Well, here is a story… that I expected to be simple and straight forward with fairly two dimensional characters and it was a delight to read. And that was due to my expectation walking into the story.

Wicked For Hire is put forward as a young adult, paranormal cozy mystery and that’s what I got… just as expected. Cold Waters was put forward as a serious, location-style mystery and it didn’t meet expectations…

But yes! I certainly enjoyed this light, quick, quirky story. At just over a hundred pages you can read it in one sitting. The bright, tongue-in-cheek narration adds to the color and the quick pace keeps you turning those pages.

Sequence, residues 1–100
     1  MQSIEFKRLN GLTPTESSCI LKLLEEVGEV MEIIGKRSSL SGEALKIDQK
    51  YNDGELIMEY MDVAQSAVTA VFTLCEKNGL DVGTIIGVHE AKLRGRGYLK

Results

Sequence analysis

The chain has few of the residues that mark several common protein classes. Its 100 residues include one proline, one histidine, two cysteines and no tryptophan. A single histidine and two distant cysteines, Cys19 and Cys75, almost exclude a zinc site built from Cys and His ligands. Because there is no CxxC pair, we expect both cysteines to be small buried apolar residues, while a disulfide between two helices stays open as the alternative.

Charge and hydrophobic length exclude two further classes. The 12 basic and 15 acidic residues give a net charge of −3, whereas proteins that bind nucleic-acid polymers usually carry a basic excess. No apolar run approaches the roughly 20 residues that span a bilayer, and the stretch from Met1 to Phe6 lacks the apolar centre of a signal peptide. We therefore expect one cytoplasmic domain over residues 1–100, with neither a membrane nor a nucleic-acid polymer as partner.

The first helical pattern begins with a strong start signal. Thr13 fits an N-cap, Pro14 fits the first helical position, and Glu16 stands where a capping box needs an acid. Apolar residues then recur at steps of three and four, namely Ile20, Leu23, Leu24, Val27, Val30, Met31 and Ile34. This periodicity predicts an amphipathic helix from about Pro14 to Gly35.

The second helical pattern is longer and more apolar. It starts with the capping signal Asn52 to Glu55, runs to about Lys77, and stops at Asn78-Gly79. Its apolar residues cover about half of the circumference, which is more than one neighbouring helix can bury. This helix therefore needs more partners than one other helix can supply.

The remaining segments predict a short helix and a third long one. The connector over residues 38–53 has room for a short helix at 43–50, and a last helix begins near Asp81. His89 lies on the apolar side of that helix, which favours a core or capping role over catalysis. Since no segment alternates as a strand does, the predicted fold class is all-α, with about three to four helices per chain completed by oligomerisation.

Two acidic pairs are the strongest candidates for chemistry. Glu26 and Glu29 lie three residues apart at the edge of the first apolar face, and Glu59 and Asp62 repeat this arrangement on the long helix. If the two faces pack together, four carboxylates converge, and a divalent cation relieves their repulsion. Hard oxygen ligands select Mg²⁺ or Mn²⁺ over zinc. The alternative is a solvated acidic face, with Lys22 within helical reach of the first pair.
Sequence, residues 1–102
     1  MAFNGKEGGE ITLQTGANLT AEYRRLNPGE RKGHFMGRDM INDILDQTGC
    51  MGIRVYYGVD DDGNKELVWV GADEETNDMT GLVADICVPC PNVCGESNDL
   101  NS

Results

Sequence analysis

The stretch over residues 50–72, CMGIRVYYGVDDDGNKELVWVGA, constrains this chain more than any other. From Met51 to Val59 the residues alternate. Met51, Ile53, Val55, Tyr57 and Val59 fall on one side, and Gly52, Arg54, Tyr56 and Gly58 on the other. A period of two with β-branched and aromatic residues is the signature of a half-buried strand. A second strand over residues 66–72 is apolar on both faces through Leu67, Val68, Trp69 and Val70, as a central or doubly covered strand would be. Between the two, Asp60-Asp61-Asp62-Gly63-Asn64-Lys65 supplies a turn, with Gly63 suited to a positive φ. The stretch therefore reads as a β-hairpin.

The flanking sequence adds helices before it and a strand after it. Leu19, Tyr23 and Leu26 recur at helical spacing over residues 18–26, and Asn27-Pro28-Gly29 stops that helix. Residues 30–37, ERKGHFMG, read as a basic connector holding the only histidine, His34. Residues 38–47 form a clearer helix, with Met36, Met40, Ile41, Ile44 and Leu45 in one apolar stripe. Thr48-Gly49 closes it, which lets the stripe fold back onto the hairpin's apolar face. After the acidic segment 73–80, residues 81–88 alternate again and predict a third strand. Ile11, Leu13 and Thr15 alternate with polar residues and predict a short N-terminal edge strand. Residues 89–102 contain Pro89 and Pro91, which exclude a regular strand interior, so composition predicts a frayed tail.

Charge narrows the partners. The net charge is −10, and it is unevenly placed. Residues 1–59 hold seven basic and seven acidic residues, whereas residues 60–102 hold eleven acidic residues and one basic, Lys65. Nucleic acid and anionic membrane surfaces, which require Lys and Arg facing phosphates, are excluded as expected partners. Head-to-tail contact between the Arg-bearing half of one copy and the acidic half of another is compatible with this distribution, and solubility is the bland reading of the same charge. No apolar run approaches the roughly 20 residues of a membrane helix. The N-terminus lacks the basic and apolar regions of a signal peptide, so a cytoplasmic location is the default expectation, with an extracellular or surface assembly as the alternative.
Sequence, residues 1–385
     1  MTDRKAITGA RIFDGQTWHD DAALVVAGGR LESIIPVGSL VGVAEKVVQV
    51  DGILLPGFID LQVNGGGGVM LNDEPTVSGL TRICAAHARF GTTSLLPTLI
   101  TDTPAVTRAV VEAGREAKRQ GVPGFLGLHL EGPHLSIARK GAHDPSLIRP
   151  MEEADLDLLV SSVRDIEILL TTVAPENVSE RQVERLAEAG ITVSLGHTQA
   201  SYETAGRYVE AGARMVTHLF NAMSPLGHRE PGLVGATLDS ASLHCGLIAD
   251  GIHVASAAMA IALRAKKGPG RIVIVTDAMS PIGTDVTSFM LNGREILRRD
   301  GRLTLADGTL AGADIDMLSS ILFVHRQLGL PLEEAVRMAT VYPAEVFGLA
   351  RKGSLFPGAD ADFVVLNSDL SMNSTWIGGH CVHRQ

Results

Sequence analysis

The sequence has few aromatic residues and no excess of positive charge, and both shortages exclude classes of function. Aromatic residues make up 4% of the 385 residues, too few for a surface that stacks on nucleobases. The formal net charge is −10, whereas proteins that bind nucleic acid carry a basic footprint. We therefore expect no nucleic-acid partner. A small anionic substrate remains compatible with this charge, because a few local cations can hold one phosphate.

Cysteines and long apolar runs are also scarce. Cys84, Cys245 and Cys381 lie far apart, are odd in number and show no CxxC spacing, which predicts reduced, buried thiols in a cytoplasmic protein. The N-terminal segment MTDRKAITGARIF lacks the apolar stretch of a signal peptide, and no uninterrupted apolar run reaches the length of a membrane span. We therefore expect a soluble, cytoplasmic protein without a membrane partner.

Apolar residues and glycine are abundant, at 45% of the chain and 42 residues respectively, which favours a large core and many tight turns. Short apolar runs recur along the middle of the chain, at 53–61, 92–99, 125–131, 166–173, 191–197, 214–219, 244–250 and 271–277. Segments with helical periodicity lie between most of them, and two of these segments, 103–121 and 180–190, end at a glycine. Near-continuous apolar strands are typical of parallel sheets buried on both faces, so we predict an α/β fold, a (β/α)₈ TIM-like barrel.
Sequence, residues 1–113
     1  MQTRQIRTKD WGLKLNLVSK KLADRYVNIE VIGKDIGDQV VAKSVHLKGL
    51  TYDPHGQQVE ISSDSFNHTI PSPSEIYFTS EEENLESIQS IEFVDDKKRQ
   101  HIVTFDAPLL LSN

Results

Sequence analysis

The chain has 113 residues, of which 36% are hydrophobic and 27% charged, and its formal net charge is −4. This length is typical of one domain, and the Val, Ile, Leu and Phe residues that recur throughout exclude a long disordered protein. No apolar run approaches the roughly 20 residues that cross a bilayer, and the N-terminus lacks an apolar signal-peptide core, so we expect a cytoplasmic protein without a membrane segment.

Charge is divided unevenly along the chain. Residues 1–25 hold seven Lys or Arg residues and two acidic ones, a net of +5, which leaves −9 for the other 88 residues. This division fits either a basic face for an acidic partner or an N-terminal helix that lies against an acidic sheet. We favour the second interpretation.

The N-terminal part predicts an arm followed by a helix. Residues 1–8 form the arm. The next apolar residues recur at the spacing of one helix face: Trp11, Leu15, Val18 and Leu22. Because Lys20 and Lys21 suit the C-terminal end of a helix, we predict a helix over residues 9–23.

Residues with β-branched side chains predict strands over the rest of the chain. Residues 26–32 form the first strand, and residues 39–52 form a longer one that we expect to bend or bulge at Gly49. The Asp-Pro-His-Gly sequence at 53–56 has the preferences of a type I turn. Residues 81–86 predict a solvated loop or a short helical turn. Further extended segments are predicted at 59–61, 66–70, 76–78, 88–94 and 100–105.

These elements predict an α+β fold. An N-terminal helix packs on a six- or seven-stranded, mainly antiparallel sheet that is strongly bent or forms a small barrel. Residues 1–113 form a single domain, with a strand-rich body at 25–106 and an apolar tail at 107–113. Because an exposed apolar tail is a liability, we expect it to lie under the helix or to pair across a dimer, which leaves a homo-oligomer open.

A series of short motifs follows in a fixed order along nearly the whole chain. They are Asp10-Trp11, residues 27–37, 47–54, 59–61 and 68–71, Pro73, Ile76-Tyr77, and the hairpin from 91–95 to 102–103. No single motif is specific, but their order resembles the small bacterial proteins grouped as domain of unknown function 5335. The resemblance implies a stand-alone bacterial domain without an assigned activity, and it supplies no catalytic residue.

It’s the story of a young woman, Amanda, who has some serious student loans to pay back… being denied the chance to finish med school can do that to a gal, but that’s what happens when some of the patients drop dead from your touch. Oh, and you also get labeled “The Grim Reaper”. Such is the opening to this young adult paranormal cozy…

Amanda is recruited by FBI Special Agent Rick Rowling who just happens to be the star loose cannon of a secret ‘paranormal cases’ division. Seems he needs a new assistant as he goes through them like tissues, and his boss wants someone to rein in the one-man wrecking crew.

So Amanda starts her new job with her new boss trying to solve the mysterious disappearance of a struggling artist, whose sugar-momma is the sister of a woman seeing Rick’s father. Seems the cops have a suspect, the sugar-momma’s other beau. He seems the perfect culprit right up until he mysteriously disappears while under police surveillance.

Can Rick and Amanda find out who, or what is behind these disappearances, before we all disappear?